Former major league baseball player and manager Bobby Valentine will be giving the keynote address. “We were looking for someone who we felt has managed teams,” Oppenheim said. “He has very practical knowledge about bringing in people with different backgrounds, different skill sets. … He really can talk about the grind, day-in and day-out and trying to get teammates to perform.”

He said the company will look for a larger venue for next year. “We’ll probably do it again in Florida, just at a larger resort, around the same time.”

Finding security in smart home products

 - 
Wednesday, April 27, 2016

With the “smart home” taking over talk on the residential side of security, it is no surprise that research and studies continue to pop up in an effort to quantify and qualify what is going on in this growing connected-home market.

Results of a study conducted in March by August Home and Xfinity Home give some further insight into the relationship between home security and connected home devices.

When asked why they would consider adopting smart home technology, the study found that 63 percent of consumers said security or “keeping their family safe” is their top motivation.

In addition, in a Parks Associates’ survey of homeowners with broadband connections, those with a security system were more likely to say they intend to buy a smart home device in the next 12 months.  

So at a time when dealers are trying to emphasize the importance of security first in this new smart home world, it looks like consumers are heeding their message.

In terms of how many plan to add smart home technology, the August Home and Xfinity Home survey found that 18 percent of respondents said they’d likely buy a new smart home product over the next 12 months, including 56 percent of those who have already installed at least one connected device in their home.

What smart home devices are they planning on buying? Video is at the top of the list with 4 in 10 consumers (40 percent) saying a connected camera would be the product they’d most likely add to their home, followed by a video doorbell (26 percent), connected light bulb (19 percent) and smart lock (13 percent).

When asked which device they’d most like as part of a smart home-powered security system, over 63 percent of respondents chose a connected video camera inside or outside the home, while 61 percent of those with a smart home said that a video camera was the device they’d most like to access and control from their smartphone.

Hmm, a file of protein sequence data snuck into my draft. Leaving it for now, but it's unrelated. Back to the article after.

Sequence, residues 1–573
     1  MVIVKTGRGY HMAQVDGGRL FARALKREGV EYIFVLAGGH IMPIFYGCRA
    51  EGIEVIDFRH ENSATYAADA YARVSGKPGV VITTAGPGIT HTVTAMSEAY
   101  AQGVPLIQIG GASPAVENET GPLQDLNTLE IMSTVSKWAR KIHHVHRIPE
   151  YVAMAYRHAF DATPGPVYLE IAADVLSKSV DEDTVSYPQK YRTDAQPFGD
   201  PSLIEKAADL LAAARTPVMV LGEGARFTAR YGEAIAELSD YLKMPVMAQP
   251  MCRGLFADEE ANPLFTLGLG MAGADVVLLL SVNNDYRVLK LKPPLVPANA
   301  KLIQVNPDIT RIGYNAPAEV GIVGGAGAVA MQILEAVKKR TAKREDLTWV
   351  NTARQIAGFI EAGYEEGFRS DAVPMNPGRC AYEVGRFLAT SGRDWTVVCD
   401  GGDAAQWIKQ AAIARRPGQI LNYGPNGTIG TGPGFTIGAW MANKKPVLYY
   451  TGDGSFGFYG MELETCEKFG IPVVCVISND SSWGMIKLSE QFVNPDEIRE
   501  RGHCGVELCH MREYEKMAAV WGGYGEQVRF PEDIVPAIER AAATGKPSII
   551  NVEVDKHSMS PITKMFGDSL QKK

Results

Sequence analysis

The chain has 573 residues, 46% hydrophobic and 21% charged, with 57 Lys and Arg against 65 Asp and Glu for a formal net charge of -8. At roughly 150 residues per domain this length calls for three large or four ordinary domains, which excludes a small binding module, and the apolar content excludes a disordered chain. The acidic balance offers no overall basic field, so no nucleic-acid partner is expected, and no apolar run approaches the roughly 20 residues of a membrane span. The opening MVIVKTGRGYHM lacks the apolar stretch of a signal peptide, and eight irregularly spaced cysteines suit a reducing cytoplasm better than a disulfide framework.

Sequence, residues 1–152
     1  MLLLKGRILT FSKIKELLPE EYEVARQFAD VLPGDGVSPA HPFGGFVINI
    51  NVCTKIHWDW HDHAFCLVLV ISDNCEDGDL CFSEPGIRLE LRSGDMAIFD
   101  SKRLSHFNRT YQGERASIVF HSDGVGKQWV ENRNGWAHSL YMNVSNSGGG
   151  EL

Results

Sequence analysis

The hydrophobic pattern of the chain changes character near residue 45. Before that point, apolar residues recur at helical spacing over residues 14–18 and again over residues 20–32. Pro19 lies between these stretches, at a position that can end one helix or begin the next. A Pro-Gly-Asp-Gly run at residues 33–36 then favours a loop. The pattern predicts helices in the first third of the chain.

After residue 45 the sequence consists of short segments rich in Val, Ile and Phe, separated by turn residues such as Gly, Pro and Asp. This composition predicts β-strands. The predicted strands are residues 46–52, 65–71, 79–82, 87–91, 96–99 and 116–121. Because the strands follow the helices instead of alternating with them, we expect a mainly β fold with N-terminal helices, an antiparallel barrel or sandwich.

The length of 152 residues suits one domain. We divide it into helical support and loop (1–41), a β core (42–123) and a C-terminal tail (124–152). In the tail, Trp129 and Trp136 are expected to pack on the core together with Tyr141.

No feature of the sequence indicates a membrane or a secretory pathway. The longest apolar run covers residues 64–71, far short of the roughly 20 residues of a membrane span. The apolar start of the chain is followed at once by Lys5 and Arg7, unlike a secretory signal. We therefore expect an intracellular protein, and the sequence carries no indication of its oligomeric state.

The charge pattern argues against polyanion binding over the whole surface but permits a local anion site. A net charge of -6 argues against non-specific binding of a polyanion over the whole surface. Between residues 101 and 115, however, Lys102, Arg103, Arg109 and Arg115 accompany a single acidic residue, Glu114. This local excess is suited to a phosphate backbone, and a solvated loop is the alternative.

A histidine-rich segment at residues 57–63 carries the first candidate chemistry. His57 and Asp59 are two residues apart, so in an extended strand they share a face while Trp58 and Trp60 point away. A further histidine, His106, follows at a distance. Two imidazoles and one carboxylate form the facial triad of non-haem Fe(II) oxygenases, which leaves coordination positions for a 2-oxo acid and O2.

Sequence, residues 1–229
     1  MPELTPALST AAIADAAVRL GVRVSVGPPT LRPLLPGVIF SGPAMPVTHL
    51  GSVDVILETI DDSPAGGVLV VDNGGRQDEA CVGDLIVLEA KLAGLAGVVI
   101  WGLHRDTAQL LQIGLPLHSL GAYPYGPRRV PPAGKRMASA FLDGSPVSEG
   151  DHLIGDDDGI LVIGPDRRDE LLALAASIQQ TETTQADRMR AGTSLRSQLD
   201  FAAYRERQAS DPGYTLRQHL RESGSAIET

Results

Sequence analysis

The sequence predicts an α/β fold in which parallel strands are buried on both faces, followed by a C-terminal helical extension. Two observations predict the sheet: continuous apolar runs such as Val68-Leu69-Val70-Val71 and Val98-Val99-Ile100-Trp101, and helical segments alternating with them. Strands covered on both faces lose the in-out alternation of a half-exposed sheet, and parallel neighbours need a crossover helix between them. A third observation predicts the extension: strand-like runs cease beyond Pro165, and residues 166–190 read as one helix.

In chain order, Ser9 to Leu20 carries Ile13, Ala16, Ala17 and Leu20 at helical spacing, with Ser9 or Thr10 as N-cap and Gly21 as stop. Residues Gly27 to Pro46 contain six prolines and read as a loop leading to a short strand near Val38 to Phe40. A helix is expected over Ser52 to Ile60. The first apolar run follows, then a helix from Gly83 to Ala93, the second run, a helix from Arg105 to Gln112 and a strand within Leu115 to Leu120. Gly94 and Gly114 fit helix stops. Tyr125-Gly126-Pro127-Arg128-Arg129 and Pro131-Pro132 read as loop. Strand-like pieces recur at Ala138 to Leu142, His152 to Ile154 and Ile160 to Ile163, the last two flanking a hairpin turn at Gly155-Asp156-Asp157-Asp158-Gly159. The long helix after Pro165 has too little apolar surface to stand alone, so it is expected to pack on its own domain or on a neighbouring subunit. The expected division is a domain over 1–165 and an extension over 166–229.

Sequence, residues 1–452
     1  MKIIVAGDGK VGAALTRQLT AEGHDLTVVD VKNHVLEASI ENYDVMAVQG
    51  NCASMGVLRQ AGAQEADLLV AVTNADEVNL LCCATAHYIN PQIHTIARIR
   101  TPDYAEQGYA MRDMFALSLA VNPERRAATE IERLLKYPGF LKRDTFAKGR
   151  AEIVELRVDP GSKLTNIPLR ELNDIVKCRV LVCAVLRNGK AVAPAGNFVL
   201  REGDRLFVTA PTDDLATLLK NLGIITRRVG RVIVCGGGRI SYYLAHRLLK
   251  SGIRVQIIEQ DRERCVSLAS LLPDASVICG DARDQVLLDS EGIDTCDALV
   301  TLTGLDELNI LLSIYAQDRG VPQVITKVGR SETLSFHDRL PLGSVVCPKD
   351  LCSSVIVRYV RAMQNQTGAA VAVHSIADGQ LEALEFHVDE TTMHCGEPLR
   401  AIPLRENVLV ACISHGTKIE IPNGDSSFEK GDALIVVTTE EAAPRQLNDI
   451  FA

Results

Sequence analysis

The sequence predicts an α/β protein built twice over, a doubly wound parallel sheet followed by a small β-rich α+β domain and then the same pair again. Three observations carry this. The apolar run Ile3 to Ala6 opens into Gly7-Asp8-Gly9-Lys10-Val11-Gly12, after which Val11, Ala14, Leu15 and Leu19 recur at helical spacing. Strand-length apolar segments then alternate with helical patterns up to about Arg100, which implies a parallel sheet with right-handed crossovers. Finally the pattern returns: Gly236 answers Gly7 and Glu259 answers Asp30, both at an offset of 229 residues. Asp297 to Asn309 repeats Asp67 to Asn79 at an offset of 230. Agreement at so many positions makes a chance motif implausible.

This is all good news for the residential security industry, and for dealers who are taking the time to reconnect with their customers who continue to find security in this emerging world of connected products.

 

Security robotics and regulation

 - 
Wednesday, April 27, 2016

A couple weeks ago I wrote about PSA-TEC, PSA Security’s annual training and education conference, which will take place in Westminster, Colo. May 9-13.

Kudos to PSA for being the first in the industry to take a close look at security robotics. PSA Security CEO Bill Bozeman is among those who believe security robotics will be “the next big thing” in security.

Courses at TEC will explore ground-based, aerial and marine robotics. You can check out the educational sessions here.

In many ways, this robotic technology is here. Drones are being used for surveillance by movie studios and on colleges campuses. And, systems integrator Northland Controls even has robots patrolling its parking lot in Fremont, Calif.  

However, security robotics is in its nascent stage though, and the security industry has to figure out how to harness the technology more broadly, and in a way that makes business sense for end users and integrators.

Also, it’s not clear at all how the government is going to regulate security robotics in general, and drones in particular. There’s a bill in the U.S. Senate right now that would make drone regulation a federal responsibility. One thing for sure is that security robotics will be regulated. And, that makes sense. While drones may be safely used for surveillance in some areas, drones and other robotics may pose a risk in certain locations, such as airports. Questions of privacy will need to be addressed as well. Like it or not, some degree of regulation is inevitable and advisable.

The Security Industry Association is keeping an eye on this issue, and you should too. Jake Parker of SIA told me the “FAA is in the process of finalizing regulations that [drone] operators must follow and chances are this will evolve in the future.” He also noted that there are “significantly different requirements for law enforcement use versus private/commercial security.” He added that this topic will be discussed at SIA’s June 17 Government Summit.